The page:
The Republican effort to repeal and replace the Affordable Care Act (ACA) continues with the House passing an amended version of the American Health Care Act (AHCA) bill yesterday afternoon on a narrow partisan vote (217 to 213). With just 2 votes to spare, 20 Republicans voted no, and the Democrats were unanimous in their opposition to the AHCA bill. The Senate now takes up the bill and it may be several months before the Senate is ready to vote (many assume July at the earliest). In any event, ultimate passage in the Senate is unclear and if a bill does pass the Senate, it is likely to differ from the House bill. If the Senate bill is different, the next step will require that both the House and the Senate come together to vote on a joint bill before it would be sent to President Trump for signature. So for now nothing changes and the ACA, including penalties for noncompliance and all employer reporting and notice requirements, will stay in place.
The nonpartisan Congressional Budget Office (CBO) has yet to evaluate the amended AHCA bill, so estimates of its impact on government spending and revenue and the number of people who may gain or lose insurance coverage are still forthcoming. While it’s likely the AHCA will be modified in the Senate, these are some headlines of the House bill.
Importantly, the AHCA bill does not include capping or changing the employer tax exclusion for employer provided benefit plans.
Eliminates the “individual mandate” that requires nearly all Americans to secure health insurance or pay a tax/penalty.
Eliminates the “employer mandate” that requires all larger employers to provide health benefits to full time employees working 30 hours or more along with requirements on the levels of coverage and cost (the Form 1094 & 1095 reporting requirements are unchanged by the AHCA bill).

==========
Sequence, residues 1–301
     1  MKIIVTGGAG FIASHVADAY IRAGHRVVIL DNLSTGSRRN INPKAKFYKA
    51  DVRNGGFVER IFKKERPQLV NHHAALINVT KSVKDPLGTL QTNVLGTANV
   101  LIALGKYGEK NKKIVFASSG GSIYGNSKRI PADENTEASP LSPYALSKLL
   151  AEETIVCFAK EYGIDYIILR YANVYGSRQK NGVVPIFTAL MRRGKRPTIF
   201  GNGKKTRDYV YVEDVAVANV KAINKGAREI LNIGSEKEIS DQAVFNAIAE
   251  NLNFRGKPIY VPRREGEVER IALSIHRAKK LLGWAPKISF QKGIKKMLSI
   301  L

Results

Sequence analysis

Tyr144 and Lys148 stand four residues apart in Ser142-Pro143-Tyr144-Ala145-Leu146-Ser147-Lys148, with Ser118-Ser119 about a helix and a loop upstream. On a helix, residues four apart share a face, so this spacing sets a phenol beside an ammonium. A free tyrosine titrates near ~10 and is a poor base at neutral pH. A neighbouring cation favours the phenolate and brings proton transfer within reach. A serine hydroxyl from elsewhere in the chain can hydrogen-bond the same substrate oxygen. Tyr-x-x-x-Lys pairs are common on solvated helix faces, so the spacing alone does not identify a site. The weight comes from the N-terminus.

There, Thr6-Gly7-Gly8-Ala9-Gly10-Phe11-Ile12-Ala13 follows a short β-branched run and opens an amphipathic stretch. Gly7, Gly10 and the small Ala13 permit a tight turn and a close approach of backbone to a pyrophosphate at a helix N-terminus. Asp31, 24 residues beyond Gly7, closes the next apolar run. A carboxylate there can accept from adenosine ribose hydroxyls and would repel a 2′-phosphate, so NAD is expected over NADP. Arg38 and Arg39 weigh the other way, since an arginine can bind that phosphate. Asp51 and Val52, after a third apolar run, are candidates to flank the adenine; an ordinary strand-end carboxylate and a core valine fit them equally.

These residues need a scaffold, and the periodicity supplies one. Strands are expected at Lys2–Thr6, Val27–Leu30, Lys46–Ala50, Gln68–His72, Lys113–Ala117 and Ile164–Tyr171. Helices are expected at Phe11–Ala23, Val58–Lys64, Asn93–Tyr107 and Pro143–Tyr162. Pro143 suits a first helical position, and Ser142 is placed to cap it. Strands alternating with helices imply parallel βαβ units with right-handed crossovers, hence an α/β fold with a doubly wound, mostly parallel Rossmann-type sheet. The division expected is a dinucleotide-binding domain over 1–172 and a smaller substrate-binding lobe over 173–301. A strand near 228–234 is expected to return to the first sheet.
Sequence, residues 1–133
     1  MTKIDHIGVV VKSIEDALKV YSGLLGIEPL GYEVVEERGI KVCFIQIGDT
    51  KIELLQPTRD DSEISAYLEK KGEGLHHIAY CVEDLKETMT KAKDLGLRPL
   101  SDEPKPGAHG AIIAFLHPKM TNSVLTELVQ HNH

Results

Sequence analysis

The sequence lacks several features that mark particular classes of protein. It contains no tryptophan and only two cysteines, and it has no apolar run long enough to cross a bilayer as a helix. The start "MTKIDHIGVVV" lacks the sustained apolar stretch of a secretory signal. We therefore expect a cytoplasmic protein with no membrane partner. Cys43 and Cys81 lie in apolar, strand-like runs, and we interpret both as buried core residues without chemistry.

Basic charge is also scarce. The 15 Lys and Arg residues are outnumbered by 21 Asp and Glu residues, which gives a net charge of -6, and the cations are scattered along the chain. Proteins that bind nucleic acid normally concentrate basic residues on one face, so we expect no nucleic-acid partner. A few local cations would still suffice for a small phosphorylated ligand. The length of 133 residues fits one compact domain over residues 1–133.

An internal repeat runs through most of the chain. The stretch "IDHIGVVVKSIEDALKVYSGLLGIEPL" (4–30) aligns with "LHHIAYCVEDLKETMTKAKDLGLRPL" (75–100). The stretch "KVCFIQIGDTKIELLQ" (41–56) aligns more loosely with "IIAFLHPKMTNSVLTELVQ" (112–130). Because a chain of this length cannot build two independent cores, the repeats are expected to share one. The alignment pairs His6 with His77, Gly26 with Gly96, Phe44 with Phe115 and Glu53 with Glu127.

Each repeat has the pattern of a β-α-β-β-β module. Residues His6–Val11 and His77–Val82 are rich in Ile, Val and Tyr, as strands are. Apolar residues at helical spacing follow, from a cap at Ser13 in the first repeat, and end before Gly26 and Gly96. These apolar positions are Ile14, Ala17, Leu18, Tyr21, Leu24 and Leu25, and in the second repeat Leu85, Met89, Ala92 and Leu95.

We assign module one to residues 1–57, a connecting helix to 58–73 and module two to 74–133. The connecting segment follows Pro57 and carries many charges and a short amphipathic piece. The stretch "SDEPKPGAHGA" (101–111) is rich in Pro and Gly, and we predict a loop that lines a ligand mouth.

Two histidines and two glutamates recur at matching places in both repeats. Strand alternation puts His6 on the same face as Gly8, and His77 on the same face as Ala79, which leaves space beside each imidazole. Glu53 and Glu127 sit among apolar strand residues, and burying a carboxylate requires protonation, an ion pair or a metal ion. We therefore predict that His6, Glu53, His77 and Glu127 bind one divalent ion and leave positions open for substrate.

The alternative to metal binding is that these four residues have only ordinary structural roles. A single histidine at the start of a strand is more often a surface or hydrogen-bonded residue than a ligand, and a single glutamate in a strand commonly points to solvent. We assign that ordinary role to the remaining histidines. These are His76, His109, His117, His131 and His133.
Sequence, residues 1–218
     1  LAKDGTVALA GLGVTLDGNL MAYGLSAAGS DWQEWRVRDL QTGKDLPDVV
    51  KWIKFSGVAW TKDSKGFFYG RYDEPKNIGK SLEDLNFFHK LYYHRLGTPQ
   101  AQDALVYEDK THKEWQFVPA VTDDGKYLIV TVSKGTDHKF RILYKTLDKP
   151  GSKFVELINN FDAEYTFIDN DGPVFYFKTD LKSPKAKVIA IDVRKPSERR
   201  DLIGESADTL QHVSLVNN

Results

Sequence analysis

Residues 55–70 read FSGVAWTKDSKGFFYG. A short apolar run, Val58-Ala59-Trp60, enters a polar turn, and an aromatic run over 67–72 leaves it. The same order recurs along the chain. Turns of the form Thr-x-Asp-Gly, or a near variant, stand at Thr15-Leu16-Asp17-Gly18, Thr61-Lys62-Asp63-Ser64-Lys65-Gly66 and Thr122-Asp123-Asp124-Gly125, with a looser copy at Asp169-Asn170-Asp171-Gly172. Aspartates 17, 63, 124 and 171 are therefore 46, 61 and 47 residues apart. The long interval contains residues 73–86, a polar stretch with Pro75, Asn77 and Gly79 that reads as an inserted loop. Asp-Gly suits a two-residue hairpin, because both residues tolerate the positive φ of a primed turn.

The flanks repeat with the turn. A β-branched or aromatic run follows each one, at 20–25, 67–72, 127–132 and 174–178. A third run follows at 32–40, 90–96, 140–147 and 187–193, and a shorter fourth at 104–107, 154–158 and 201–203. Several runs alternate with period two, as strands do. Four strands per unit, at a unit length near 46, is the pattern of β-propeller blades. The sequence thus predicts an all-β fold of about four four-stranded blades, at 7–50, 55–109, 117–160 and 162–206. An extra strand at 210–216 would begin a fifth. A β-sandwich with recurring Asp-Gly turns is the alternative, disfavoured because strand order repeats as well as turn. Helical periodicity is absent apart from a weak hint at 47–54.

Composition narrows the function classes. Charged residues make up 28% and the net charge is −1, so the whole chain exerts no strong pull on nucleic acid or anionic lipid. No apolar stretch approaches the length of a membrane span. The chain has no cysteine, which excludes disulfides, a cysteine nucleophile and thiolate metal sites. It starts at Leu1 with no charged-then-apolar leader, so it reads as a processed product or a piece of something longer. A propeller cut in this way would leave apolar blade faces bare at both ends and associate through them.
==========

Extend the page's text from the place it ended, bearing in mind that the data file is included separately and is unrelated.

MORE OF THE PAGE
Allows health insurance companies to impose lifetime and annual caps on benefits for those who get coverage through a large employer plan.
Allows states to elect to receive federal Medicaid funding via a block grant or per capita allotment, and alters/ends the ACA’s Medicaid expansion.
Replaces income-based subsidies with age-based tax credits that can be used toward premium costs.
Repeals most fees and taxes, but maintains the Cadillac 40% excise tax, which would be delayed until 2026 (though the Senate may possibly negotiate a shorter delay, and ultimately strong bipartisan support for a bill to permanently repeal this provision is expected).
Allows state waivers to define Essential Health Benefits, vary premiums by health status, and increase age band ratios.
Eliminates the health industry “pass-through” taxes and the Medicare surtax on higher incomes and investments.
Increases health savings account (HSA) contribution limits and adds additional flexibility for HSAs.
Repeals the health flexible spending account (FSA) maximum limit.
Retains requirement that family plans cover grown children to age 26.
Click here for the official section-by-section summary of the amended AHCA bill from the House Energy and Commerce and Ways and Means Committees, updated to include the MacArthur and Upton Amendments.
Republicans in the Senate are not unified in their support of the amended House bill, and it remains to be seen whether the various factions in the Republican party will ultimately come together around a repeal and replace plan they can send to the President for signature. In the meantime, while Congress considers options to repeal and replace the ACA, taxpayers and employers should be prepared to continue to comply with the law through at least 2018. We will continue to monitor developments over the coming weeks, and provide details on new and revised employer obligations as they take shape over time.
Should you have questions about any aspect of federal health insurance reform, please contact your Conner Strong & Buckelew account representative toll free at 1-877-861-3220. For a complete list of Legislative Updates issued by Conner Strong & Buckelew, visit our online Resource Center.